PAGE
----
R and I went to Charlecote this morning, expecting more of the excitement we witnessed on Friday, but the deer seem to have got over whatever it was that put a gale in their collective tail at the end of last week, and the rut seems further away, rather than closer. The large, twitchy gathering of does and youngsters in the Deer Sanctuary has dispersed, and the few males that had joined them there have disappeared too, leaving most of the publicly accessible areas of the park empty and quiet. Meanwhile the Big Boys’ Club remains committed to its favourite tree up in Hill Park, with no apparent interest in anything beyond chewing and napping. In better news, there were several Migrant Hawkers hunting over the River Dene, and one male sunning himself on what I’ll probably always now think of as the Migrant Hawker Basking Fence.
Arriving home with fallow bucks and a Migrant Hawker in the camera, I wasn’t looking for any other photo opportunities, but when I found this Southern Hawker ovipositing by the wildlife pond I couldn’t resist her. She worked over this piece of wood with intense concentration for about twenty minutes, and completely ignored me, even when I got right in to the minimum focus distance of the big zoom. Even though the focus on her face here isn’t as good as in some of my other images, I’ve chosen this one because it’s the first time I’ve ever captured what looks like a tiny string of mucus, running from her last placement point to the end of her ovipositor. I’ve spent quite a while this evening reading up on Aeshnid oviposition, trying to find out what this might be, but it’s not mentioned in my most detailed book, though there is mention of the eggs of species that lay on top of vegetation being encased in a gelatinous substance, to help them to stick to the leaves. I will send this photo to the County recorder, and ask him if he knows what it might be.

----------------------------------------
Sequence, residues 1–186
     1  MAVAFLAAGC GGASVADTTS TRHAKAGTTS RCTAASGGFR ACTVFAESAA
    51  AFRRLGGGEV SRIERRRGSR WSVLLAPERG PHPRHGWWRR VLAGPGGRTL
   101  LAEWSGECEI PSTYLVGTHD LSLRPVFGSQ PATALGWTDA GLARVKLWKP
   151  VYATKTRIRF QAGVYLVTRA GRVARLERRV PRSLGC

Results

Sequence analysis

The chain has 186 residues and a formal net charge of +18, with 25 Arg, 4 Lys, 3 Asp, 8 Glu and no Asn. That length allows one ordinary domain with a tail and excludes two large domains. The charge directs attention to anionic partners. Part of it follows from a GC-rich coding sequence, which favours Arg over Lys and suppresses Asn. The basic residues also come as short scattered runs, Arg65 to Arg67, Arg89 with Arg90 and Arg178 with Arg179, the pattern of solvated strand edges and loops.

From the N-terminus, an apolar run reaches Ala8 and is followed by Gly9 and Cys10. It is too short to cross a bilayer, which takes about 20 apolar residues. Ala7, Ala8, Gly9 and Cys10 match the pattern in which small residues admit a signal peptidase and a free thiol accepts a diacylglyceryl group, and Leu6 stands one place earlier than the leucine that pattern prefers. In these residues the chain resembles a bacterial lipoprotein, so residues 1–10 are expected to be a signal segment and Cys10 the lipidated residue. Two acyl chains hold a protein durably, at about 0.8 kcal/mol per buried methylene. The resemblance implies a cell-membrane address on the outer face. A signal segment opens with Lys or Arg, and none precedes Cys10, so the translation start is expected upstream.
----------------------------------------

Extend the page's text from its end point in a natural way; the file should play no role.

My reading has taught me that the eggs of Southern Hawkers always go into diapause over the winter – that is, the embryos develop just so far, and then stop, even if they were laid quite early in the season. The ones that survive the winter will hatch into pro-larvae at around the same point in the spring, and will then try somehow to find their way to the water. And there they’ll stay for two full years, apparently – so there won’t be any point in me haunting the pond next summer, hoping for a Southern Hawker emergence. I will have to try to acquire some patience in my old age!
It’s marvellous, and rather amazing, that just when I’d reconciled myself to our Southern Hawker season being over, we’ve now had two oviposition visits in two days. Better yet, the face-on portraits I took show that the visitors were different dragons: this one has two spots on her frons, whereas yesterday’s only had one.
I’ve put three more images, showing the movement of her ovipositor, onto my Facebook page.